Divorce is as old as the institution of marriage itself.
In ancient Egypt, not only was divorce allowed, but a person could divorce their spouse on any grounds, without any interference from the State.
Among the ancient Romans, any person could divorce by sending a letter to their partner, or even by declaring that the marriage was over in front of witnesses. But these liberal attitudes towards divorce changed with the advent of organised religions.
After Christianity became the official religion of the Romans in 380 C.E., divorce was strongly opposed by the Church. The only ‘proper way’ to end a marriage was annulment, a declaration with church officials to dissolve a marriage in exceptional cases.
Hinduism used marriage as a vow to stay together for not just one life, but eternity, in accordance with Dharma. Islam includes various provisions for divorce under religious law, but still used divorce as an ‘evil,’ that must be avoided. Why most religions were so strongly opposed to divorce, is unclear. But some theorists argue that it has to do with the fact that religions prioritise institutional sanctity over the well-being of individuals.
In the 18th century, with the American and French revolutions, secularism was on the rise, and the West saw a separation between the State and the Church. There was a shift from religious laws to secular laws that centred individual well-being and freedom.
Nonetheless, when the first divorce laws were introduced, the divorce rates were so low that in 1857, only 324 cases of divorce were filed in all of Britain. It was only with the rise in industrialisation, and a change in family structures and gender roles, that divorce became more common in the late 19th and early 20th centuries. It was generally known that divorces in the United States were getting more numerous each year during that time.
But, while divorce rates began to rise globally from the late 20th century onwards, India’s rates have remained at a mere 1%. So – Is India the land of eternal love? Not exactly! Less than 20% of Indian women are in the paid workforce – one of the lowest rates of female labour force participation in the world – making them financially dependent on their husbands and therefore less able to leave a bad marriage.
Added to this is the collectivist and conservative nature of our society, where keeping the family unit together is an important determinant of social status. Within such a framework, divorce becomes an individualistic act of aberration.
The stigma of getting a divorce is so high that many times, people in unhappy marriages choose to stay apart, rather than getting divorced. In fact, the number of people separated in India, is thrice the number of people divorced. But even this stigma of the ‘divorcee’ tag impacts women much more than men, with Indian men being twice as likely to remarry after a divorce. Being able to stick by one person and love them through life, may be the right choice for some people, but for others, it may not be.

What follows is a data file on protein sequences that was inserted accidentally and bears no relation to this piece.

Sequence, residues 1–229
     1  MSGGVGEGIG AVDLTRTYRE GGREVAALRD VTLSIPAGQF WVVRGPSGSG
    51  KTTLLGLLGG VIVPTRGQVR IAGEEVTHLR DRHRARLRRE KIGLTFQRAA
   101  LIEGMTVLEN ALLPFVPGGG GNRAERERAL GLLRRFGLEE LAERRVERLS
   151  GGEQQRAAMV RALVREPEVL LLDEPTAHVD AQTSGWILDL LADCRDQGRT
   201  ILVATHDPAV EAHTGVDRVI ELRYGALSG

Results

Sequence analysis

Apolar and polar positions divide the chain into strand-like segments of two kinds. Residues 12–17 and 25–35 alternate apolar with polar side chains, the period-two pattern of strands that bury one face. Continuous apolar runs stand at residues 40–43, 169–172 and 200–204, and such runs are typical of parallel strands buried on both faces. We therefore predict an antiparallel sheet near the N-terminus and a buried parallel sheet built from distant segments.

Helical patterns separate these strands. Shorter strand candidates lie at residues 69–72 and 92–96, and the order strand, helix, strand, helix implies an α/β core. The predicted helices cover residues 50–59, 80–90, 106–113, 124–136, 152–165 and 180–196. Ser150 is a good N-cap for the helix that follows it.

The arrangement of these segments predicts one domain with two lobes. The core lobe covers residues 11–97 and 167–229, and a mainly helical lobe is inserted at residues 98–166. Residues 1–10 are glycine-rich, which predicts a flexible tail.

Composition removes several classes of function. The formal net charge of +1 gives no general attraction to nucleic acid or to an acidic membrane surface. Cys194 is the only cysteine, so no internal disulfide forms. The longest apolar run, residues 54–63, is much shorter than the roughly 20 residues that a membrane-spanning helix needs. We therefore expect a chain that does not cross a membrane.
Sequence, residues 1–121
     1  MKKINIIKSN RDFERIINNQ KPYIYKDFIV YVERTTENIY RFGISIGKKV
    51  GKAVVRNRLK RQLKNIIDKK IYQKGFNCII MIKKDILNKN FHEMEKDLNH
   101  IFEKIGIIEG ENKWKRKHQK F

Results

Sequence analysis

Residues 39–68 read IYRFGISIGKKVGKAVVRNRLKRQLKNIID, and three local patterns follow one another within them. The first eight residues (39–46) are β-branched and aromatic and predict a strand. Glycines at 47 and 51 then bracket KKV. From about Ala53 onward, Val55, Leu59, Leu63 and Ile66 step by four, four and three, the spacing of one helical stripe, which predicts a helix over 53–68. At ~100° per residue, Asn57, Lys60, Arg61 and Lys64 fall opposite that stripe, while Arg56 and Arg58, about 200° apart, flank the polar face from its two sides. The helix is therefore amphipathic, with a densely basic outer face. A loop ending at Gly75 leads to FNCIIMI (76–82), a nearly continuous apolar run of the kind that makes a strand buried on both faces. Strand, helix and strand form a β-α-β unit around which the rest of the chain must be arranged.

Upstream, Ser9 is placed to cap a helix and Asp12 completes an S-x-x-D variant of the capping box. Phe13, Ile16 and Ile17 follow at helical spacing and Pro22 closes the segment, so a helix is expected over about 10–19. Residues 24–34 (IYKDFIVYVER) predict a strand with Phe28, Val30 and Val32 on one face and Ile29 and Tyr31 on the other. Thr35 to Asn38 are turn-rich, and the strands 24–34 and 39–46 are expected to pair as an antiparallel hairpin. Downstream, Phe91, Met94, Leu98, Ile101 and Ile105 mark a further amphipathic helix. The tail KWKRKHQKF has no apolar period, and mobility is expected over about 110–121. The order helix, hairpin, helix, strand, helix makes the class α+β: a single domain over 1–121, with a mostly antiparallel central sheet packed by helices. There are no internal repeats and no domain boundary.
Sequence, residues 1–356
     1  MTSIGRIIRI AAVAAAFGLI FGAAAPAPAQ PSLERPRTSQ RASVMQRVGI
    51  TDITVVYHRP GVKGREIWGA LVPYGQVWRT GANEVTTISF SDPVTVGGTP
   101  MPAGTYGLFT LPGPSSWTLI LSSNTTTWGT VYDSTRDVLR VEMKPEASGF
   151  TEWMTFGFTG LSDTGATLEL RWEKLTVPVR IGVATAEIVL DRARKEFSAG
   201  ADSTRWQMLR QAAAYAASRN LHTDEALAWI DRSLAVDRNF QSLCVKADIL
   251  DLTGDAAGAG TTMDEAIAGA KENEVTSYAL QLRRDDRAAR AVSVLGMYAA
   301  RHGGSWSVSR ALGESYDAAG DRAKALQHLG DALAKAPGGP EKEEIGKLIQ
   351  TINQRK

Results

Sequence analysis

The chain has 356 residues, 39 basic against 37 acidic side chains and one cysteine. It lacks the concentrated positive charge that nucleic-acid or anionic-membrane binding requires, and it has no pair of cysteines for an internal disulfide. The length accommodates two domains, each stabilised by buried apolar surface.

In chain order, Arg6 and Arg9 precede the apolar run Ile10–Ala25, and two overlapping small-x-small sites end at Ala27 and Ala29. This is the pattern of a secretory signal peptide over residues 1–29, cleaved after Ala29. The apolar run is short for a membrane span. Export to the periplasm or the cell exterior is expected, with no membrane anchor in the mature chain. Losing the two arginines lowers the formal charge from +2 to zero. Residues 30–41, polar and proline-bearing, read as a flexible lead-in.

In order to talk about divorce in a healthy way, we need to understand why we’re so terrified of the word ‘divorce’ in general! It is primarily because our understanding of marriage is faulty.
The current paradigm around marriage states that a successful marriage is one that lasts for eternity. It doesn’t matter if both people are miserable, or do not speak to each other, or grow, or stay in harmony; it doesn’t matter that the greatest lies they tell are to each other.
None of that matters. The key indicator of a successful marriage, according to a large section of people is – longevity. If you have that definition in your mind, then obviously ‘divorce’, which is a break in longevity, indicates terror, failure, despair, devastation to you. So, when you have that paradigm, no wonder, you can’t approach divorce in a healthy, abundant, joyful way.
So, in order to talk to the family and kids about divorce with health and abundance, we need to transform our whole understanding of marriage. We need to no longer define successful marriage as one that is long lasting, but on the terms of growth, authenticity, freedom. ‘Divorce’ is simply the end of a phase; it’s the divorce of the dysfunction, inauthenticity, from the fear, the status quo.
But, we are afraid of it because of our cultural conditionings about marriage. Whether it’s a choice to favour one’s mental health and physical well-being over an institution, or its simply to seek happiness and fulfilment elsewhere, we need to destigmatise this very mundane choice to end a partnership and just move on with our life.
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